Afterpay pairs up with Global Sisters to raise $50,000 and break down barriers to women in business

Global Sisters

Gobal Sisters founder Mandy Richards (second from right) with program participants (L-R) Tegan Murdock, founder of Ngumpie Weaving; Florence Olugbemiro, founder of Designed By Florence; and Karin Lee, founder of Florapeutic. Source: supplied.

Aussie buy-now-pay-later behemoth Afterpay has partnered with not-for-profit Global Sisters, in a bid to raise at least $50,000 per year to help open the door to entrepreneurship to more women.

An initial campaign, running throughout March in a nod to International Women’s Day on March 8, will give consumers the option to donate $1 at the checkout.

The goal is to raise a minimum of $50,000 annually.

Global Sisters founder Mandy Richards describes the not-for-profit as a “one-stop-shop” for supporting women in starting up micro-businesses — that is, businesses with four employees or fewer.

These businesses are “the backbone of the economy,” Richards tells SmartCompany.

“And yet, no one talks about them.”

The women involved in the program include single mums, women over 50, migrants, refugees, Indigenous women, and more.

The one thing they have in common, Richards says, is that they’re facing “some sort of barrier to mainstream employment”.

Typically, those barriers “are external and often systemic”.

Either jobs are not available, or they’re not accessible to women — perhaps because they have carer responsibilities, or because of age or racial prejudices.

Global Sisters is all about economic empowerment and financial independence, offering a genuine alternative of income generation for women who are shut out from mainstream employment.

Support is provided through business education, incubation and acceleration, plus coaching programs. Women also gain access to a suite of tools to help out with things like microfinance, sales and marketing.

It’s designed to help women turn their existing skills, passions and experience into a viable income stream, Richards explains.

“Entrepreneurship can be quite elitist, and really hard … if you don’t have the right networks and resources,” she explains.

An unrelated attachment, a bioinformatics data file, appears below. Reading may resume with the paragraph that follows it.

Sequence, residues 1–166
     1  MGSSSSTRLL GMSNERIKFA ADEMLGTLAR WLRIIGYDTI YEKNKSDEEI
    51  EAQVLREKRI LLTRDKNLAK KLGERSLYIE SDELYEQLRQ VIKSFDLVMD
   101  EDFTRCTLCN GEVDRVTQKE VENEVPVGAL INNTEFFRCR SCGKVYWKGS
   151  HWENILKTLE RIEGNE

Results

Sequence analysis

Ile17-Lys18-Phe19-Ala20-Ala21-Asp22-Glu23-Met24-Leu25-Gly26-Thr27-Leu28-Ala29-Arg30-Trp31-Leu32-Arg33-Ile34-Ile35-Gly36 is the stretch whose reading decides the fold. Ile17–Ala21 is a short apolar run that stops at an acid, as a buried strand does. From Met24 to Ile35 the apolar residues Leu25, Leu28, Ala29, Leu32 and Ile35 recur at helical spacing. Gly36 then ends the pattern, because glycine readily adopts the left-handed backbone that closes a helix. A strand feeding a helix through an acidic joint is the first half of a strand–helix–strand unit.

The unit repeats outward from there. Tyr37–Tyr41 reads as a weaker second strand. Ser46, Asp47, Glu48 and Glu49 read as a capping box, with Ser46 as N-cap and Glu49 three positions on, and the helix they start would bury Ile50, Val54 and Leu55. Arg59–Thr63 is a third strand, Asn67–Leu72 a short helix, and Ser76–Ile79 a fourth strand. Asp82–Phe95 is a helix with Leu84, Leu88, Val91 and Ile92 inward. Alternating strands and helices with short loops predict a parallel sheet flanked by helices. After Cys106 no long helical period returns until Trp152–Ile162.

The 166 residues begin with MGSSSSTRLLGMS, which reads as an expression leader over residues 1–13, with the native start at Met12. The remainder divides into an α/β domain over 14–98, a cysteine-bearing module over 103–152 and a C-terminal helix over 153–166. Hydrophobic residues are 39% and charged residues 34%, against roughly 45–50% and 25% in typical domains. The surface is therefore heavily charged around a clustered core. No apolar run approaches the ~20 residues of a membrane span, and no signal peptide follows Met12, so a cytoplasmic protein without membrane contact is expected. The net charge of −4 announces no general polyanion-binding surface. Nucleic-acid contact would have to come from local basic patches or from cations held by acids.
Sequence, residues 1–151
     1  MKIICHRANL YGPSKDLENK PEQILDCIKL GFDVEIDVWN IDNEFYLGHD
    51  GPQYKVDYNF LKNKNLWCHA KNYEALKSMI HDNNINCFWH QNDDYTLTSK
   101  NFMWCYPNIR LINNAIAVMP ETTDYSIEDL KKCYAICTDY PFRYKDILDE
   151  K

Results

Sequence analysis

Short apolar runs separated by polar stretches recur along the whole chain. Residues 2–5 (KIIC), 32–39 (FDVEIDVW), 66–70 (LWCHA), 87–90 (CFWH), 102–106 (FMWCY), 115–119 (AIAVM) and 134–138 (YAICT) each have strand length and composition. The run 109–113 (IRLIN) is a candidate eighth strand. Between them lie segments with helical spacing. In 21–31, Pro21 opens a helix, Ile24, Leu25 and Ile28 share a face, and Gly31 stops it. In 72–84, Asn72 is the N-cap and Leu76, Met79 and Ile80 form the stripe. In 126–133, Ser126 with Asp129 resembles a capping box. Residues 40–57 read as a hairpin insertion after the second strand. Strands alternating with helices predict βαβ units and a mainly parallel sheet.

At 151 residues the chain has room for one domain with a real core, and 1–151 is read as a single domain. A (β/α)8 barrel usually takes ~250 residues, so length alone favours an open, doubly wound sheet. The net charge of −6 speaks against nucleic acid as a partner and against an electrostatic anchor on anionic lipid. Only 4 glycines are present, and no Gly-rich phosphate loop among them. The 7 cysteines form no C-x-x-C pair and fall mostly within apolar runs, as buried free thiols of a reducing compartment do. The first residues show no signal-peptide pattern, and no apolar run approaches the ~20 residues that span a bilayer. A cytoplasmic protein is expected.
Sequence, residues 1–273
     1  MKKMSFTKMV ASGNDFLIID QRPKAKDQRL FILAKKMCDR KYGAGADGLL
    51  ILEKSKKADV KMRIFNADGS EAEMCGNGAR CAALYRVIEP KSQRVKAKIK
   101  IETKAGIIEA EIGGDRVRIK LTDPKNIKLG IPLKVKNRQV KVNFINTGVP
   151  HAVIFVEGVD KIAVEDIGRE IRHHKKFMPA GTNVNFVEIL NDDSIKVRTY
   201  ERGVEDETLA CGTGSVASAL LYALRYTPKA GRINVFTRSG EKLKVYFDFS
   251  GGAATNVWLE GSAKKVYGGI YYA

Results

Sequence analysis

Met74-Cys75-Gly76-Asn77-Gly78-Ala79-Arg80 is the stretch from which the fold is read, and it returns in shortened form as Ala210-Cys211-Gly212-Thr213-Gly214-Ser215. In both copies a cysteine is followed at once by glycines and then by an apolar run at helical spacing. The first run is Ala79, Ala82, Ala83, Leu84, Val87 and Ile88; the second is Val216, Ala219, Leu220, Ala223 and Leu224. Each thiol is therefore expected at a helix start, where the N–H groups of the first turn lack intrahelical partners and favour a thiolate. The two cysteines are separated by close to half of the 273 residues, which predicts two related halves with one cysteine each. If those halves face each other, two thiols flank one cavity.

“This is about democratising entrepreneurship.”

Cash and connections

A partnership with Afterpay is first and foremost a savvy way to secure funding for the program.

Global Sisters can put a women-led business through its program for about $1,000. So, the IWD campaign alone should be able to support 50 women.

The sheer reach of the campaign means it may well generate more.

At last count, the BNPL giant had some 13 million active users around the world. At least 3.3 million of them are in Australia and New Zealand.

“They have a huge customer base,” Richard notes.

“Asking someone to donate a dollar — who’s going to say no to that?

“If you’ve got a lot of those, that can end up being a lot of money.”

But it’s not only about the cash. Money is one thing the Global Sisters team is seeking — the other is people.

This is just the latest partnership connecting a big business with emerging women-led enterprises.

Businesses can get involved to help support women entrepreneurs, whether that’s through coaching, pro-bono services or procurement or collaboration opportunities.

Partners include the likes of Unilever, Visa and AMP, Richards explains. Each brings specific expertise that can be valuable to various types of small businesses.

For their part, the corporates get opportunities for staff engagement and meaningful collaborations.

“It makes for this amazing two-way value transfer,” Richards says.

Good for everyone

Global Sisters was not built as the kind of not-for-profit that raises funds by bucket-shaking in the streets. Richards set the organisation up to act as a business, and has never used the word ‘charity’ to describe it.

“That’s why I think we’ve been really fortunate and successful in attracting funding and partnerships,” she suggests.

In the post-cash world that businesses such as Afterpay have benefitted so much from, the days ‘traditional’ fundraising are long gone, she says.

People just don’t have spare change in their pockets anymore. So, any charity that relies on that for their community fundraising “would need to be making some changes”.

If you’re looking for donations at a community level, the key is to make it as frictionless as possible, and tech-enabled.

If a checkout gives the consumer an easy option to round up their spend to the nearest dollar, many won’t think twice about agreeing.

It’s about targeting people where they already spend money, and going for small amounts in high volume.

Equally, however, she notes that even for a not-for-profit, it helps to have a clear value add, with ‘doing good’ almost being an added bonus.

“With our work, even if you’re not emotionally attached to the concept, you should care about this, because this is impacting the economy,” Richards says.

The goal is to support women who are not contributing to the economy as much as they would want to become active participants in it.

“That’s good for everyone.”


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